All my regular classes were scheduled on Monday, Wednesday, and Friday. As fate would have it, Navy drill was the only class I had on Thursday. For me, this was acutely painful, as I had to dress in full uniform and drive to and from Lawrence, a 50-mile commute, for one hour of wasted time. During the first drill assembly in the fall of 1953, I was shocked that my name was not called from the muster list. Initially I was peeved at being overlooked. Possibly the person taking muster had simply skipped over my name on the list. An astigmatism might have impaired his vision, or maybe the noon sun was reflecting off his roster. I continued through drill to the end of class.
On the way home I reflected upon this event, and considered what responsibility I might have under this circumstance. I could advise the office secretary that my name was missing from the drill roster. She would look at the list, see that my name was missing, and assure me that the next time roll was called up yonder, my name would be there. As I was considering the Navy’s habitual ritual, what made sense was to do nothing rash. I avoided the office like a plague, fearing that I might be recognized.
I did nothing rash, and pondered the possibilities throughout the week. I dressed for the second week of drill the following Thursday. I had no idea what to expect, but was quite certain that my name would be called the second time around, a simple oversight. When roll-call was taken, my name was missing again. It made little sense to continue going to drill when they didn’t even know I was there. I was not inclined to go to the unit secretary to correct the oversight, the thoroughly honorable thing to do. Concerning drill, I was sadly lacking in honor. To the contrary, I was elated.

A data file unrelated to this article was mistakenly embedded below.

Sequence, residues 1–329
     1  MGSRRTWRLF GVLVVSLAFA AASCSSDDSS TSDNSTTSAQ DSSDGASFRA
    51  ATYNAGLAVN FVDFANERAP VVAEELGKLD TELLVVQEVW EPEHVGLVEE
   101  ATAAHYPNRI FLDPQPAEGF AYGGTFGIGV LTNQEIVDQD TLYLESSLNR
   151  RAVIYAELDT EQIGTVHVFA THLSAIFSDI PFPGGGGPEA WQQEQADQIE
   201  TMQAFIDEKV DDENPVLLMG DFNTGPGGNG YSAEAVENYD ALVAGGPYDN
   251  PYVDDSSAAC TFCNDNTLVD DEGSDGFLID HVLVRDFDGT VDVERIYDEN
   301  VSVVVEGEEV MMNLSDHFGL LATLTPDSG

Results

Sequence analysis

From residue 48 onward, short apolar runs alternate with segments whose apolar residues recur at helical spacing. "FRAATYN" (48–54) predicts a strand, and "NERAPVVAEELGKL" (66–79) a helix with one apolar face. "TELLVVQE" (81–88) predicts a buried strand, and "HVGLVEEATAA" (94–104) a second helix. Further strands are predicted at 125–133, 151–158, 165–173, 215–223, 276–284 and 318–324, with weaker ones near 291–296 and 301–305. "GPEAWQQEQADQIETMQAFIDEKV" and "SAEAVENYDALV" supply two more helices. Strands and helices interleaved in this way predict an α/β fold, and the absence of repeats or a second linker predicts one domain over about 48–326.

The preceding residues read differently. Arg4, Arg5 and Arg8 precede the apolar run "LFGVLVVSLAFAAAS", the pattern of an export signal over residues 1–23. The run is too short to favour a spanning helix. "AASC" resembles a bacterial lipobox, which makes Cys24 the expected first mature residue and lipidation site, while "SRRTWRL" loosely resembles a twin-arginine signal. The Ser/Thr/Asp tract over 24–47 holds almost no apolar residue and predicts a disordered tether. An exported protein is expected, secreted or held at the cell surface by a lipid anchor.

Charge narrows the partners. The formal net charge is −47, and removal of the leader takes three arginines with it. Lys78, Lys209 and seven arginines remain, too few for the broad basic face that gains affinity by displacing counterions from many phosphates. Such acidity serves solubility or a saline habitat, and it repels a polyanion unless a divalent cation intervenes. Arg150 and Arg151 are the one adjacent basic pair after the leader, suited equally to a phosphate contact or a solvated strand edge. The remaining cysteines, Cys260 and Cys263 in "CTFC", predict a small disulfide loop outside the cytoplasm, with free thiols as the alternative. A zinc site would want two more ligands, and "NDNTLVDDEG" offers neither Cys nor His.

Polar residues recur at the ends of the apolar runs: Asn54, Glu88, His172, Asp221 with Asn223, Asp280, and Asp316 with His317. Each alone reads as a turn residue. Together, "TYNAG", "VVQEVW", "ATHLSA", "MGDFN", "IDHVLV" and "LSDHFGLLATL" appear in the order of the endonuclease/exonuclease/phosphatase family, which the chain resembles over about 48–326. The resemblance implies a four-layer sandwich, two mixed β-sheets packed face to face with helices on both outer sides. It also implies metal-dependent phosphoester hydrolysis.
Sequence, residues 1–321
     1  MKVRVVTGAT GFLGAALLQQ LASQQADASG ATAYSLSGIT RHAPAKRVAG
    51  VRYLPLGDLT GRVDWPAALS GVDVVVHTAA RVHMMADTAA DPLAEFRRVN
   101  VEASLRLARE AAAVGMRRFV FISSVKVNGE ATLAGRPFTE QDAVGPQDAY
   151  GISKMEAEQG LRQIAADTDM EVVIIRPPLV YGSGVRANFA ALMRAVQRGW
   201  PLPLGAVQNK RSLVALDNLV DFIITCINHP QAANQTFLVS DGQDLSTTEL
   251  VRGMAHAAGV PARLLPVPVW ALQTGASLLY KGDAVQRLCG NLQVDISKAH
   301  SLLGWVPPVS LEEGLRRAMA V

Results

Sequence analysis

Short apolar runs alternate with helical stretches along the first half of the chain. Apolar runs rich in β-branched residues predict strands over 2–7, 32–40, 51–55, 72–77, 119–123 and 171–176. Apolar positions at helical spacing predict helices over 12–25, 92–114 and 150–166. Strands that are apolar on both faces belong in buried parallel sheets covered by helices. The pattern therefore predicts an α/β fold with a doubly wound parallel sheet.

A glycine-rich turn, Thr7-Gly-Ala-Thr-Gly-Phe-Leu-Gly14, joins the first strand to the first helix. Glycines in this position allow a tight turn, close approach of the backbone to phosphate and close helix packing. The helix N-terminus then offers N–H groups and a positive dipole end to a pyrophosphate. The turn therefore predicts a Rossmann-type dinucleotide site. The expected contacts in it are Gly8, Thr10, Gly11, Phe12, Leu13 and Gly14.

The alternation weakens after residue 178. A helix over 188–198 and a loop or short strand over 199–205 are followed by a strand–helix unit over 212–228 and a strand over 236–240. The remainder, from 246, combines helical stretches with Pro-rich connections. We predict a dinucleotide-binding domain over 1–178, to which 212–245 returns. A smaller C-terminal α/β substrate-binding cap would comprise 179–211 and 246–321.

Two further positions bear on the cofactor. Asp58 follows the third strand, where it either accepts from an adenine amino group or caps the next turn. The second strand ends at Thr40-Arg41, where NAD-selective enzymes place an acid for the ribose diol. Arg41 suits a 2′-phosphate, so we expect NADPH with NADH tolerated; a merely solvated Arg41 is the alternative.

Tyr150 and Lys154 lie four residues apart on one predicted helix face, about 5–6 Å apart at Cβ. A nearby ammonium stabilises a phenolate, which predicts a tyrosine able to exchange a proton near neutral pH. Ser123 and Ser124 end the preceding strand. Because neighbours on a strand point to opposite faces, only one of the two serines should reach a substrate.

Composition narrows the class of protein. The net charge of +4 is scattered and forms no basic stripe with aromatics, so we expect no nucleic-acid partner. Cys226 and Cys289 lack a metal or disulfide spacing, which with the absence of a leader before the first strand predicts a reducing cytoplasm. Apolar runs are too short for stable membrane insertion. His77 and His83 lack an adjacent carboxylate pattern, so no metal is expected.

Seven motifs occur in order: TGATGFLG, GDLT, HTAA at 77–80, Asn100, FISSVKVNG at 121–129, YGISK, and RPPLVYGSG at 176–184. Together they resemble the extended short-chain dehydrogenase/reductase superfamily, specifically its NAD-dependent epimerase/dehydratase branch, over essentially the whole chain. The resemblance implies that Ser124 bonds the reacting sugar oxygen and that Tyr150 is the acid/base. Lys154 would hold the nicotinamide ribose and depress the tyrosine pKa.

While it was somewhat risky to quit going to drill, I knew of no rule requiring me to volunteer that I had been overlooked on the drill roster. At the same time, I had real trouble going to drill for the rest of the semester. Each semester required dressing 14 times, driving 700 miles to and from Lawrence, and wasting about three hours each day in the process, when my name was not even on the drill list.
I was rapidly losing all interest in drill. If an announcement was of vital interest, I commuted to Lawrence every day with another Navy student. If an item of importance arose, he would tell me what was happening. Drill for the rest of the semester was history. I did not attend any more drills, and thoroughly enjoyed the added day of freedom each Thursday.
When the second semester rolled around, I was itching and anxious to see if it would be a repeat of the first. As necessary, I attended the first drill to confirm that my name had not been inserted covertly into the muster list. This time it was embarrassing going to drill at all, as all the other students had been assigned to permanent drill platoons, like A, B, and C. I did not have such an assignment, and had to hide in the ranks until the assembly was over, fearing that I might be recognized as belonging somewhere else.
I was all ears as they called the roll. They used the identical roster the second semester. My name wasn’t called, and it appeared to be quite safe never to return to drill again. My hiding was eminently successful. When drill was over, I slithered off the field to be sure I was not recognized. Did I ever return? No! I never returned.
In my good book, three days of drill my senior year was more than adequate, a number amazingly similar to my grandpa’s rule of one good dunking per person. It took the Navy three years to get it just right for me. Unlike the Navy, grandpa did it just right the first time.